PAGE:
Benjamin Disraeli advised, “Read no history: nothing but biography, for that is life without theory.” With Jews in Service to the Tsar, Lev Berdnikov offers us 28 biographies spanning five centuries of Russian Jewish history, and each portrait opens a new window onto the history of Eastern Europe’s Jews, illuminating dark corners and challenging widely-held conceptions about the role of Jews in Russian history.
The Little Humpbacked Horse

The Little Humpbacked Horse

A beloved Russian classic about a resourceful Russian peasant, Vanya, and his miracle-working horse, who together undergo various trials, exploits and adventures at the whim of a laughable tsar, told in rich, narrative poetry.
Life Stories: Original Fiction By Russian Authors

Life Stories: Original Fiction By Russian Authors

The Life Stories collection is a nice introduction to contemporary Russian fiction: many of the 19 authors featured here have won major Russian literary prizes and/or become bestsellers. These are life-affirming stories of love, family, hope, rebirth, mystery and imagination, masterfully translated by some of the best Russian-English translators working today. The selections reassert the power of Russian literature to affect readers of all cultures in profound and lasting ways. Best of all, 100% of the profits from the sale of this book are going to benefit Russian hospice—not-for-profit care for fellow human beings who are nearing the end of their own life stories.
Woe From Wit (bilingual)

Woe From Wit (bilingual)

One of the most famous works of Russian literature, the four-act comedy in verse Woe from Wit skewers staid, nineteenth century Russian society, and it positively teems with “winged phrases” that are essential colloquialisms for students of Russian and Russian culture.
The Moscow Eccentric

The Moscow Eccentric

Advance reviewers are calling this new translation "a coup" and "a remarkable achievement." This rediscovered gem of a novel by one of Russia's finest writers explores some of the thorniest issues of the early twentieth century.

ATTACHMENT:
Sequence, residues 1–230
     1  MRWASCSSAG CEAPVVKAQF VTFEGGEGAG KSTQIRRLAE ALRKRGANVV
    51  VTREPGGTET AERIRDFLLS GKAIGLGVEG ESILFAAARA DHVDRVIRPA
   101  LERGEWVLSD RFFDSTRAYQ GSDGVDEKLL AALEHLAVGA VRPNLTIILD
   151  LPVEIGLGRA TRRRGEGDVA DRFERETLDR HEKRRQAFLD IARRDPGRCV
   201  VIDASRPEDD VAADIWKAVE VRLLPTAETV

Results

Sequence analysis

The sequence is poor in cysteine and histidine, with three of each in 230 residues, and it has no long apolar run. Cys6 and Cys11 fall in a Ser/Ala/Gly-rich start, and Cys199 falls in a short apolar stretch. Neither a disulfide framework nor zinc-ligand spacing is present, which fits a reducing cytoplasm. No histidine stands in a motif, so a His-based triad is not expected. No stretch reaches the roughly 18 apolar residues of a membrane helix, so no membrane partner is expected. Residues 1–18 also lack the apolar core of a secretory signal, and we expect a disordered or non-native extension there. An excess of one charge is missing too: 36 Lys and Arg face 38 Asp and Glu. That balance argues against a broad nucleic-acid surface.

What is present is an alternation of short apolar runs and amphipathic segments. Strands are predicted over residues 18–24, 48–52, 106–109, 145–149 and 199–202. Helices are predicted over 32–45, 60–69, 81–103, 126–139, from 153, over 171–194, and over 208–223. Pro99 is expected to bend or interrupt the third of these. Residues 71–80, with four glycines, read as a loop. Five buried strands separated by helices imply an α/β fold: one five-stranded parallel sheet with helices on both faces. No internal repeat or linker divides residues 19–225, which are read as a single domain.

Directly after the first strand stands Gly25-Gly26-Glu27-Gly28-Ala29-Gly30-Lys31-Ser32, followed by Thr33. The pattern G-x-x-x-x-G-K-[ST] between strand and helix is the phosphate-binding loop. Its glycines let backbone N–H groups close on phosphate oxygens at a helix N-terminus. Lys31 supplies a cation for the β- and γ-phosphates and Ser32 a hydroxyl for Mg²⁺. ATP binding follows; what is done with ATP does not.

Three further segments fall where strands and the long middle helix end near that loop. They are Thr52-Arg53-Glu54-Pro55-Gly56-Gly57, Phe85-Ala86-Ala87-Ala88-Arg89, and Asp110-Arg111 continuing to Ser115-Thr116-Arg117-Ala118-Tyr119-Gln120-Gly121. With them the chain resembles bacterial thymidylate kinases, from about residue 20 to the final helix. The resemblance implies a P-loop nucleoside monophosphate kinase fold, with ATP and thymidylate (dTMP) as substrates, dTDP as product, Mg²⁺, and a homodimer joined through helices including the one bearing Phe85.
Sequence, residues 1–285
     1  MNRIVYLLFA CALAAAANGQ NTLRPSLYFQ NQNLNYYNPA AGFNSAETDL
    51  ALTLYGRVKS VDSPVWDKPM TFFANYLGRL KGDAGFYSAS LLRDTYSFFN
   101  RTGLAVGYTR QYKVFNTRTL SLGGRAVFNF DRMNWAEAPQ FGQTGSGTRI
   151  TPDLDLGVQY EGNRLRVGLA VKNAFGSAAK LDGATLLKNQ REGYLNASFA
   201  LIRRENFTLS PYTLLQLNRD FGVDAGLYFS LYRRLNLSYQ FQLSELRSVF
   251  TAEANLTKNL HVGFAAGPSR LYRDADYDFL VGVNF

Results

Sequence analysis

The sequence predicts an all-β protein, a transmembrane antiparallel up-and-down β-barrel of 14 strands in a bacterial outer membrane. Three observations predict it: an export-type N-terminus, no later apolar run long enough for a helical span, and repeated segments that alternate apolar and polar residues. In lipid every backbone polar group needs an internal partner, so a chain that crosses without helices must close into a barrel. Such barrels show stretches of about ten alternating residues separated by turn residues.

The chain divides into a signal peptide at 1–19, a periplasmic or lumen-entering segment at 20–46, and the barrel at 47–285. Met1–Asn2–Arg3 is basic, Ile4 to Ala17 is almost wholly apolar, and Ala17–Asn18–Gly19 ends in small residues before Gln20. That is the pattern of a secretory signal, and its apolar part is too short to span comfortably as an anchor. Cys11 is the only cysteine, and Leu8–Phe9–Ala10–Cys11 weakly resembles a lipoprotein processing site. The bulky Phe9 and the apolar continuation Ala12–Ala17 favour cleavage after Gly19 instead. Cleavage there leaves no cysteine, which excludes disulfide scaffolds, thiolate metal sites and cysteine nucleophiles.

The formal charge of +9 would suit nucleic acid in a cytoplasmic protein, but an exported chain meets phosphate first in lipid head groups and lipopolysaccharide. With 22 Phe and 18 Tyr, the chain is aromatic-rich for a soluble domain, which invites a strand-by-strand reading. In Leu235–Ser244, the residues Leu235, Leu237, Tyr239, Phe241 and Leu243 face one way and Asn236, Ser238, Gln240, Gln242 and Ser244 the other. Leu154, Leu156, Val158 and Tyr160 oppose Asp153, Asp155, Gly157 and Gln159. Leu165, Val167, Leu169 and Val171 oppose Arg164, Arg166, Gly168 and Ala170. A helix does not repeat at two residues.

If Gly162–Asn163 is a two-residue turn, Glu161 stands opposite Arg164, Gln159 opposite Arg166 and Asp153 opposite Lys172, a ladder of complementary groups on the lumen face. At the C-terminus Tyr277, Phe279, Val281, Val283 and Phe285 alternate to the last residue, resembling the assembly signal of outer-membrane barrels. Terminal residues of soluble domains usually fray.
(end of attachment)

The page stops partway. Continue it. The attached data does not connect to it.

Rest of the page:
Driving Down Russia's Spine

Driving Down Russia's Spine

The story of the epic Spine of Russia trip, intertwining fascinating subject profiles with digressions into historical and cultural themes relevant to understanding modern Russia. 
The Samovar Murders

The Samovar Murders

The murder of a poet is always more than a murder. When a famous writer is brutally stabbed on the campus of Moscow’s Lumumba University, the son of a recently deposed African president confesses, and the case assumes political implications that no one wants any part of.
A Taste of Russia

A Taste of Russia

The definitive modern cookbook on Russian cuisine has been totally updated and redesigned in a 30th Anniversary Edition. Layering superbly researched recipes with informative essays on the dishes' rich historical and cultural context, A Taste of Russia includes over 200 recipes on everything from borshch to blini, from Salmon Coulibiac to Beef Stew with Rum, from Marinated Mushrooms to Walnut-honey Filled Pies. A Taste of Russia shows off the best that Russian cooking has to offer. Full of great quotes from Russian literature about Russian food and designed in a convenient wide format that stays open during use.

About Us

Russian Life is a publication of a 30-year-young, award-winning publishing house that creates a bimonthly magazine, books, maps, and other products for Russophiles the world over.

Latest Posts

Our Contacts

Russian Life
73 Main Street, Suite 402
Montpelier VT 05602

802-223-4955